I cooperated with the entrapment instead of complaining about this flaw, which is essentially a feature to increase revenue for the tax software company. It was important to take a closer look at my expected $20,000 extra federal income tax obligation (on top of what I had previously paid throughout 2021). Maybe hiring a CPA for $200 would help me uncover some mistakes, cut my tax bill, and at the very least input several K-1s for me.

I therefore made a $200 payment, mailed the IRS $20,000 in anticipated tax, and requested an extension. Because I was awaiting two further K-1s, I was unable to file my official taxes. In August, when the K-1s had finally arrived, I uploaded them online and had a CPA input the information and evaluate my taxes.

Surprise Tax Savings

The dashboard said that I owed an estimated $13,372 instead of the $20,000 I had paid in April after the CPA had reviewed my work. Hooray! The two K-1s that were still outstanding either reduced my taxable income or I erred.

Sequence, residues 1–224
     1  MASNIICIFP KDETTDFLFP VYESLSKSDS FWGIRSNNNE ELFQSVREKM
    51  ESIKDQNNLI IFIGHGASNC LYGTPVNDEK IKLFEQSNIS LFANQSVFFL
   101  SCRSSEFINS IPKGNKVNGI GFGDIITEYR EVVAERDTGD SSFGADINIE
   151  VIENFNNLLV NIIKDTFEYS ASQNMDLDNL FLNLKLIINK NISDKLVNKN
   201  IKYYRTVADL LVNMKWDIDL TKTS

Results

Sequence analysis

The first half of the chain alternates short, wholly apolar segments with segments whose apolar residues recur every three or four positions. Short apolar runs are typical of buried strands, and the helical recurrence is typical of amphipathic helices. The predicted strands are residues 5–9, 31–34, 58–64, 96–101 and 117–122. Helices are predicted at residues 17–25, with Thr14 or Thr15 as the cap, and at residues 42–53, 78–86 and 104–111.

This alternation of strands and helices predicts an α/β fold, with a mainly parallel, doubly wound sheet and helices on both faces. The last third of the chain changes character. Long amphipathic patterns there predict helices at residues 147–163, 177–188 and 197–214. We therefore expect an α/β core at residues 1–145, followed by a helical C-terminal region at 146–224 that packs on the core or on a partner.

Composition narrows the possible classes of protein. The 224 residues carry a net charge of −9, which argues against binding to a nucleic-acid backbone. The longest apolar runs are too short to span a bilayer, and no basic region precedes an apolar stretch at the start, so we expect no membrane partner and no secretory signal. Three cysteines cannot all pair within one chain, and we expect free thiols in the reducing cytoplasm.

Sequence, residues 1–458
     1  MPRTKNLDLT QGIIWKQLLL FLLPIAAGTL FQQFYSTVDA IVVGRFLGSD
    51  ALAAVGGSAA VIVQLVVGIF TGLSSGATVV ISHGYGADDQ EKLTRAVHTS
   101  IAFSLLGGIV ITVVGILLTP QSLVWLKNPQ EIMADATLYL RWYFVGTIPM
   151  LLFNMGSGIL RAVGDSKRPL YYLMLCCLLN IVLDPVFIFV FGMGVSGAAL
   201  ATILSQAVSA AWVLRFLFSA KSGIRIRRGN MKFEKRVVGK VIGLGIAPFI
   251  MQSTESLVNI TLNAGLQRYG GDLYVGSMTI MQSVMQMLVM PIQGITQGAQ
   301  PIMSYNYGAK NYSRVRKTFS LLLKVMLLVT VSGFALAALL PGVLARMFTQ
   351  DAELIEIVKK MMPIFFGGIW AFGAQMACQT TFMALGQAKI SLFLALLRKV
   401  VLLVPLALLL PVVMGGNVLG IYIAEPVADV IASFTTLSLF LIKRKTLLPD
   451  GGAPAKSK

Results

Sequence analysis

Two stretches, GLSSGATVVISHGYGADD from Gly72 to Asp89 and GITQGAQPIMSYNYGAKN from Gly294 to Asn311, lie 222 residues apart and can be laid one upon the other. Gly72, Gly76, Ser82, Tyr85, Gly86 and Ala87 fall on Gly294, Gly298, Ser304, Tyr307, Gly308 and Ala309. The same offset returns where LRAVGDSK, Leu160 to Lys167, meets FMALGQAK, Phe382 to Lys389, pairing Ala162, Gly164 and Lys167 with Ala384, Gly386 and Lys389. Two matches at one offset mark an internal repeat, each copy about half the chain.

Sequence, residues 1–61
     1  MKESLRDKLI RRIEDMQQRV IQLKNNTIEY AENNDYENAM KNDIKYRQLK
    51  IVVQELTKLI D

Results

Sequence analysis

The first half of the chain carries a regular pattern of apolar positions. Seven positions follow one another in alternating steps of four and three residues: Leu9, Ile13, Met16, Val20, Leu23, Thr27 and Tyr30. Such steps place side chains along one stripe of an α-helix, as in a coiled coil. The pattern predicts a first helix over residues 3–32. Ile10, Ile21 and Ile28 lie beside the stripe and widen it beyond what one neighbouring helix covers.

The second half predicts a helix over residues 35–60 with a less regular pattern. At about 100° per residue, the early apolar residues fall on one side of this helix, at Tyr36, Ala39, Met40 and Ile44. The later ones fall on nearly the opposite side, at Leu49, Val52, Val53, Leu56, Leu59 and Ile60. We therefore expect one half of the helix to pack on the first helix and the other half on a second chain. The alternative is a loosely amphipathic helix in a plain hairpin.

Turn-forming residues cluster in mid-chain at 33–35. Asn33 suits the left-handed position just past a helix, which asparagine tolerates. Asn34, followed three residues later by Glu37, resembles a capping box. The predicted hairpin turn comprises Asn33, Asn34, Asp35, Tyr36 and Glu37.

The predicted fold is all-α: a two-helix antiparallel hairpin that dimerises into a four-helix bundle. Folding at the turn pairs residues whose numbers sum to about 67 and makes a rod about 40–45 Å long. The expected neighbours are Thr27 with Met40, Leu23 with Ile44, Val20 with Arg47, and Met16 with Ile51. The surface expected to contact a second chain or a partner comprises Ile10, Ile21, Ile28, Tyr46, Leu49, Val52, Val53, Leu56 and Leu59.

Whatever the source, I didn’t check it out because I was so relieved to have finished the procedure. I also made the decision to always pay an additional $200 to have a CPA check my taxes going forward.

It sounded fantastic to receive a $6,600 federal return in addition to a $600 state refund. I simply filed my taxes online by pressing a few buttons.

Final cost was double

I received this message, and then horror overcame me.

“SAM, good news! Your federal taxes for 2021 are finished. Your bank account will be debited on August 16, 2022, for the outstanding sum.

I ended myself paying an additional $13,372 in federal income taxes as well as an additional $1,300 in state income taxes, as opposed to automatically receiving a $6,600 federal and $600 state refund! The software was unaware that I had already paid $1,900 in state expected taxes as well as $20,000 in federal estimated taxes in April.